During these discussions, she provides invaluable perspectives on what we, as a community, can do to better support undergraduate students. From her student peers, Sinclaire represents them and makes sure they all have a voice in the department. She always comes to them for input--especially over the last academic year, when discussions on racial justice and equity came to the forefront. Her positivity was apparent from the very start of her Princeton Astro career--"from day 1" says Neta--as an early concentrator (before declaring Astro her major) and it continues to give a tremendous boost to our efforts.
Congratulations and gratitude are also due to our other nominees: Roohi Dalal, for untiring recruitment efforts, and for paying attention to all the opportunities, trainings, and important activities on campus and beyond; Rodrigo Córdova, for serving on the climate committee and his myriad outreach efforts; Rob Tejada, for mentorship of NAC students, for mentorship of predoc students, and for running AstroJustice. Derek Schaeffer, for leadership of the LGBTQ+ community within APS and for starting the Division of Plasma Physics Pride Committee.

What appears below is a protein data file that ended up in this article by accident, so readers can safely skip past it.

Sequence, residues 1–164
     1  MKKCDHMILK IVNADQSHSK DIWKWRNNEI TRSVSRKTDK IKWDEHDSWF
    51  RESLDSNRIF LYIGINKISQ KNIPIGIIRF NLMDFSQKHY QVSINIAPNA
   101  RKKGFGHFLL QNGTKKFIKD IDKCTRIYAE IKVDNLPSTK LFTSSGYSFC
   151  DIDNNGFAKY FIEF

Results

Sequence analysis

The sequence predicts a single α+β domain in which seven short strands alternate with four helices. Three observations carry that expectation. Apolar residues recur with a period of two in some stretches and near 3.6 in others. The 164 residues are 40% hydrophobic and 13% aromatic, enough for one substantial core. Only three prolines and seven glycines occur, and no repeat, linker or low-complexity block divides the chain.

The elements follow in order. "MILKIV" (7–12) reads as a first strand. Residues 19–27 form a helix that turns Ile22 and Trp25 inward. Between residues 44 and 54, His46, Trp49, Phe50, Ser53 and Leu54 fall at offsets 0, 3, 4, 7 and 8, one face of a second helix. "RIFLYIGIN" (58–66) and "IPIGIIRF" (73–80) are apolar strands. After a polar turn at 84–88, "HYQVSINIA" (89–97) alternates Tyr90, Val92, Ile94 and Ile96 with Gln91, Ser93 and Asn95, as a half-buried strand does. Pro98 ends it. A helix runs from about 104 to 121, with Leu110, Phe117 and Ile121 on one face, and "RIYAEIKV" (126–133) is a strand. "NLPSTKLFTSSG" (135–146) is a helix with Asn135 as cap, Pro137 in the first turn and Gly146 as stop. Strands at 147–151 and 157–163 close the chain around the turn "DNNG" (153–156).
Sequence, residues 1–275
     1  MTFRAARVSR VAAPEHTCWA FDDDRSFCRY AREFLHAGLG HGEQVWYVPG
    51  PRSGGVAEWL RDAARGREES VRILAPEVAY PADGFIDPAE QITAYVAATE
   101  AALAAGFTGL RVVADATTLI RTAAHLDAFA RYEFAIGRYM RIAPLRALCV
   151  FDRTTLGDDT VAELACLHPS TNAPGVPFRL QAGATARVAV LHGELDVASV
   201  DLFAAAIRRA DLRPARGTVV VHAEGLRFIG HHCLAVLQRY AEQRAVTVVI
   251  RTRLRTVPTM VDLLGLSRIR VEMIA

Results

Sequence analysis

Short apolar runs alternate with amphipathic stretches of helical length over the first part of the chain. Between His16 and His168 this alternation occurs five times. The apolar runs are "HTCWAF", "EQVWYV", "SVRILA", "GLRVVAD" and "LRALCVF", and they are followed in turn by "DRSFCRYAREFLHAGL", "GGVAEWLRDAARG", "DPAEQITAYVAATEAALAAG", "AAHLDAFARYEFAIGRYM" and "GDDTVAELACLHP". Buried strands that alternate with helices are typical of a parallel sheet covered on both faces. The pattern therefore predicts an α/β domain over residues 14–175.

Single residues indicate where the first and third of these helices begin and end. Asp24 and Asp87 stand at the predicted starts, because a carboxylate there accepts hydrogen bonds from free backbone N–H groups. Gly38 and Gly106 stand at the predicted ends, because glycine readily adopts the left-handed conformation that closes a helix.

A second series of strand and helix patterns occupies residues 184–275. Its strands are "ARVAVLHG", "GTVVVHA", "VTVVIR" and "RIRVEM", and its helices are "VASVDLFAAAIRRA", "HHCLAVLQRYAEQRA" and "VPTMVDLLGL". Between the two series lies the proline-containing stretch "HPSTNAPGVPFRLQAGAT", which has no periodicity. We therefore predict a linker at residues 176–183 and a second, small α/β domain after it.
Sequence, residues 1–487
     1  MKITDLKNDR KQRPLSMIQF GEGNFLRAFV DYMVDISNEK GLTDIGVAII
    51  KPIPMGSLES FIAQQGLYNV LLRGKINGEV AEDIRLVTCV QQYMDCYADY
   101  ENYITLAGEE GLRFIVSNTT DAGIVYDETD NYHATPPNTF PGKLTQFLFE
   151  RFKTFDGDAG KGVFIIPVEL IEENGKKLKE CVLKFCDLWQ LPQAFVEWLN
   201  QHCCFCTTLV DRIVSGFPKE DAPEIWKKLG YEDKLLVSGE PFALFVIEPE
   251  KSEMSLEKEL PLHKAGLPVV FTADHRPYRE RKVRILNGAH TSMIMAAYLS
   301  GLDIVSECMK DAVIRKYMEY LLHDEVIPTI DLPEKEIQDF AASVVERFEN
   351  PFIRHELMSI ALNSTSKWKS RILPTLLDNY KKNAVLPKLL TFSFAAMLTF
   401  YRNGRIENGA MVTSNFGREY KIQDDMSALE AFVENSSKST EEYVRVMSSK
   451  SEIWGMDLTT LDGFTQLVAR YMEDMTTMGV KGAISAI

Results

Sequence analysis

To all of our recipients and nominees, we thank you for your efforts and look forward to seeing all you do.